It sounded simple enough. Start a school in an underprivileged neighborhood. Accept only girls. Emphasize subjects - math and science - in which girls have traditionally lagged behind. And teach them the leadership skills they often lack.
But it's not so simple. The controversial Young Women's Leadership School opened its doors to 50 seventh-grade girls in New York's Harlem neighborhood yesterday, but its future is far from certain. That's because the school was designed as a public institution, not a private one. As such, it could face considerable legal hurdles. Consider, for example, that the Supreme Court recently ruled unconstitutional the state-funded Virginia Military Institute's refusal to admit women - a decision we supported.
Planners of the girls' school have taken some steps to avoid such lawsuits, but stumbling blocks remain. For one, school officials have agreed to allow boys to apply, but concede that even if they do (and so far, none have), they're not sure they would be admitted. School organizers also say they will consider the school simply a program, part of a nearby coeducational junior high school. In practice, however, this "program" will have no contact with the junior high.
Despite these efforts, the New York Civil Liberties Union, the local chapter of the National Organization for Women, and other groups have filed a complaint against the girls' school.
Well-intentioned plans for single-sex schools in other cities have received little support from the courts. Four years ago, for example, the Supreme Court ruled unconstitutional Detroit's attempt to establish all-male academies to rescue boys who were at risk of dropping out.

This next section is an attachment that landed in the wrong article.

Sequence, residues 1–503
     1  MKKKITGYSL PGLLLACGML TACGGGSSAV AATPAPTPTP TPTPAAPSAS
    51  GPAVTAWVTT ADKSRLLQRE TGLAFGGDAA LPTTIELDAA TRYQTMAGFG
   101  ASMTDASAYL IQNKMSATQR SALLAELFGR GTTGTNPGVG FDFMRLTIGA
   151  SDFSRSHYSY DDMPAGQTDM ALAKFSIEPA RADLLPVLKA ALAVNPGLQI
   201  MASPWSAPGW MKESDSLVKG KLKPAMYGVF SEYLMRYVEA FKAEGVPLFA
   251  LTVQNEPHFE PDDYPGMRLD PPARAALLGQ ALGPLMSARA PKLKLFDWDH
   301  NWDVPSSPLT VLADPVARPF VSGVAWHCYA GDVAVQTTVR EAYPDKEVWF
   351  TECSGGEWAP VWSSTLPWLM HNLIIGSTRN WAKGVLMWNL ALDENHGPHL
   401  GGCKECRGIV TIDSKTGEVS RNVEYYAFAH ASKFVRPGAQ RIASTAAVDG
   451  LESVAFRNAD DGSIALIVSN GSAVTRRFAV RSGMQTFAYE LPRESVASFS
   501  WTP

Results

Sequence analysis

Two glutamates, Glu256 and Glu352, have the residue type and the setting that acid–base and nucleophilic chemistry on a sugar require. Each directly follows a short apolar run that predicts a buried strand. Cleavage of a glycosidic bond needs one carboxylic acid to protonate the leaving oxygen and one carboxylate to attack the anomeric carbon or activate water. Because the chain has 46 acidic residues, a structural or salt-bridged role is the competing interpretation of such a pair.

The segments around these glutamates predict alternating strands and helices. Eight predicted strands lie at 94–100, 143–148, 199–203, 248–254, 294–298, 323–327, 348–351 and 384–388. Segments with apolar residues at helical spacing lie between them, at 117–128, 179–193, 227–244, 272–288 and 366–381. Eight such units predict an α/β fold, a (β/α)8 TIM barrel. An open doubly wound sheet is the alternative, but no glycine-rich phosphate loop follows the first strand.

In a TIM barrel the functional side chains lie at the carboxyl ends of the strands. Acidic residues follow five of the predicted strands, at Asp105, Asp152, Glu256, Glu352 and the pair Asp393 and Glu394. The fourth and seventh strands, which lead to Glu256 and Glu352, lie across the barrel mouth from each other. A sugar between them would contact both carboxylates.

In Harlem, planners initially tossed around the idea of creating an all-boys school too in hopes of avoiding legal tangles. But quite likely, that would have led to charges that one school was superior to the other.
A better option is for the school to focus on female leadership as planned, to experiment with alternative teaching methods, to give girls the encouragement they need to excel, but to admit qualified boys requesting admittance. Single-sex education can work well. But "public" means for the use or benefit of all. The 50 girls starting at the Young Women's Leadership School will benefit from the educational innovations offered there. Boys could - and should - too.